Imatges de pÓgina
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Her. O crofs! too high to be enthrall'd " to low!
Lyf. Or elfe mifgraffed, in refpect of years;
Her. O fpight! too old to be engag'd to young!
Lys. Or else it stood upon the choice of friends :
Her. O hell! to chufe love by another's eye!
Lys. Or, if there were a sympathy in choice,
War, death, or fickness did lay fiege to it;
Making it momentary as a found,
Swift as a fhadow, fhort as any dream;
Brief as the lightning in the colly'd night,
That, in a spleen, unfolds both heaven and earth,
And ere a man hath power to fay,-Behold!
The jaws of darkness do devour it up:

So quick bright things come to confufion.

Her. If then true lovers have been ever crofs'd, It stands as an edict in destiny:

Then let us teach our tryal patience,

Because it is a customary cross;

As due to love, as thoughts, and dreams, and fighs,
Wishes, and tears, poor fancy's followers.

Ly. A good perfuafion; therefore, hear me, Hermia. I have a widow aunt, a dowager

Of great revenue, and fhe hath no child,

And the refpects me as her only fon:

From Athens is her houfe Premote feven leagues,
There, gentle Hermia, may I marry thee,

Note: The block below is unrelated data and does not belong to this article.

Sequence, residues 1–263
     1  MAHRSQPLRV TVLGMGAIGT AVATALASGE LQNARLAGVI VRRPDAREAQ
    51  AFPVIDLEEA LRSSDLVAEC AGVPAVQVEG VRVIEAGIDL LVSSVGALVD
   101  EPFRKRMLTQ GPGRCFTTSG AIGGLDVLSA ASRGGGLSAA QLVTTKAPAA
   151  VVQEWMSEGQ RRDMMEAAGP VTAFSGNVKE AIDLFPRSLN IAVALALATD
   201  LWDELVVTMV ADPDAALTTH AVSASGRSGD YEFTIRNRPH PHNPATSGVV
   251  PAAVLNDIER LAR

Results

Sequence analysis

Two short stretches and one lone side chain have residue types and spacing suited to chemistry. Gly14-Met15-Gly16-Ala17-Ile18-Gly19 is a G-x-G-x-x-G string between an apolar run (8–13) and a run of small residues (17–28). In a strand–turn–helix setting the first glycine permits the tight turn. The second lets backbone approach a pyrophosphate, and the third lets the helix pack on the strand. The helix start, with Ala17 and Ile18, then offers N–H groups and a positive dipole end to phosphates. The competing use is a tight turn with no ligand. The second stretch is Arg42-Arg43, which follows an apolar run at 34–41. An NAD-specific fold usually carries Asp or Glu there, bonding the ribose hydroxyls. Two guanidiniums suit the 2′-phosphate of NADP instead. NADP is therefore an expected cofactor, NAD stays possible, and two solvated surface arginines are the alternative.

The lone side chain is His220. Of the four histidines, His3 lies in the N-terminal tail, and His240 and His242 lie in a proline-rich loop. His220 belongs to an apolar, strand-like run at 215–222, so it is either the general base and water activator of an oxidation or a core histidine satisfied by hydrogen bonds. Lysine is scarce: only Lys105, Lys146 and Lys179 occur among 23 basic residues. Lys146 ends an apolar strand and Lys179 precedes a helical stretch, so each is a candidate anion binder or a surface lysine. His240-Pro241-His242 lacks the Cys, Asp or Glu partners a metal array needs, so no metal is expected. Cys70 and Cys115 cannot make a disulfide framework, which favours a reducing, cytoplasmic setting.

And to that place the fharp Athenian law
Cannot purfue us: If thou lov'ft me then,
Steal forth thy father's houfe to-morrow night;
And, in the wood, a league without the town,
Where I did meet thee once with Helena,

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To do obfervance to a morn of May,
There will I stay for thee.

Her. My good Lyfander!

I fwear to thee, by Cupid's ftrongest bow;

By his best arrow with the golden head;

By the fimplicity of Venus' doves;

By that which knitteth fouls, and profpers loves;
And by that fire which burn'd the Carthage queen,
When the falfe Trojan under fail was seen
By all the vows that ever men have broke,
In number more than ever women spoke ;—
In that fame place thou haft appointed me,
To-morrow truly will I meet with thee.

Lys. Keep promife, love: Look, here comes Helena.

Enter Helena.

Her. God fpeed, fair Helena! Whither away? Hel. Call you me fair? that fair again unfay. Demetrius loves your' fair: O happy fair!

Your eyes are lode-ftars; and your tongue's sweet air More tuneable than lark to fhepherd's ear,

When wheat is green, when haw-thorn buds appear.
Sickness is catching; O, were 'favour fo!
Yours would I catch, fair Hermia, ere I go;